Navajo-Hopi Nations,Flagstaff & Winslow News
Thu, Oct. 29

Nation adopts short-term resolution to continue government services through 2020

Navajo Nation President Jonathan Nez stated that in the next few months the executive branch has a responsibility to complete hundreds of projects to protect Navajo Nation tribal members and to prepare for the potential second wave of the deadly virus. (Loretta McKenney/NHO)

Navajo Nation President Jonathan Nez stated that in the next few months the executive branch has a responsibility to complete hundreds of projects to protect Navajo Nation tribal members and to prepare for the potential second wave of the deadly virus. (Loretta McKenney/NHO)

WINDOW ROCK, Ariz. – On Sept. 26, Navajo Nation President Jonathan Nez approved Resolution CS-77-20, to ensure that direct services and government operations are funded through December 2020, and to avoid layoffs of thousands of employees.

The 2020 fiscal year budget is set to end Sept. 30.

The continuing resolution was an emergency legislation introduced by Council Delegate Raymond Smith, Jr. Sept. 23.

The legislation was introduced after members of the Navajo Nation Council voted to table a separate legislation that sought to approve a comprehensive budget that would have funded the government for the entire upcoming fiscal year. CS-77-20 was approved by the Council Sept. 23, with no debate, by a vote of 19-1. The continuing resolution will fund the government one-fourth of the previous fiscal year’s budget, until the end of December. The council will then be required to adopt a comprehensive budget for the remainder of fiscal year 2021, ending Sept. 30, 2021.

“A week ago, by letter, we urged the council to complete the Fiscal Year 2021 budget as soon as possible so we could continue to provide services to the Nation. Now we are out of time,” said Nez. “At this point, we cannot make a move without causing larger, more complex problems for the Nation. This rush to a temporary fix is not what we were taught by our parents and grandparents, instead we were taught to carefully plan for our future.

Nez stated that the shared responsibility of the Nation is to act for the benefit of all.

“We said, in our August letter, there is plenty of overlooked responsibility for the delay in finishing the budget for the next fiscal year and a partial budget is the result of a collective failure of the budget process. As elected leaders we have a responsibility to care for all our people as best we can,” he said.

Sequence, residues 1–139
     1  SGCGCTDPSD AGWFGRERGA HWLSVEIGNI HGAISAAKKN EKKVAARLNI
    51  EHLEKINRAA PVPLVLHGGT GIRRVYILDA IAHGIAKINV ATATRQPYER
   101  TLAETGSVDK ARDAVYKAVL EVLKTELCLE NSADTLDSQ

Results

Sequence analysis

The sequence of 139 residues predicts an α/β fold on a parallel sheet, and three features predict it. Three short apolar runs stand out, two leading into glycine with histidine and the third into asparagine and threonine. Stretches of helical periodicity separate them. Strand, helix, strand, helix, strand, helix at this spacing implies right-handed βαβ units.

In passing the continuing resolution, the council also waived provisions under Title 12 of the Navajo Nation Code, which requires a comprehensive 12-month budget to be adopted. The delayed action of the council also shortened the timeframe for Nez to consider the continuing resolution without causing a government shutdown and disruption to direct services for the Navajo people.

“We understand that many Navajo citizens rely on services and resources provided by the Navajo Nation government, and we want to avoid any disruption of those services – that was our primary reason for signing and approving the continuing resolution. By signing the continuing resolution, we also avoid laying off thousands of employees, many of whom are the sole providers for their families,” said Navajo Nation Vice President Myron Lizer.

Nez and Lizer also highlighted concerns with a previous continuing resolution that was adopted by the council in July, which was vetoed by Nez and eventually overridden by the council. The resolution was not rescinded and also remains in effect.

“We have no decision from lawmakers on these competing resolutions. The legislative process calls for adherence to resolutions passed and enacted, whether by presidential approval or council action, and not to ignore a duly enacted law because it no longer fits our purpose,” Nez said.

Nez stated that in the next few months the executive branch has a responsibility to complete hundreds of projects to protect Navajo Nation tribal members and to prepare for the potential second wave of the deadly virus.

“Our directors and managers should not be distracted by keeping their programs running on partial funding, preparing budgets for a new round of committee hearings, and reporting to committees for funds that should have been in place,” he said. “More importantly, directors and managers are facing increased workloads with time slipping away, so we urge council committees to allow them to concentrate on this important work while not patiently waiting for hours to report to committees on CARES Act funded projects.”

On Sept. 26, the Office of Management and Budget issued a memorandum to each of the three branch chiefs and division directors outlining the process for implementing the continuing resolution, which will go into effect at the start of FY2021 on Oct. 1.

Information provided by the Office of the Navajo Nation President and Vice President

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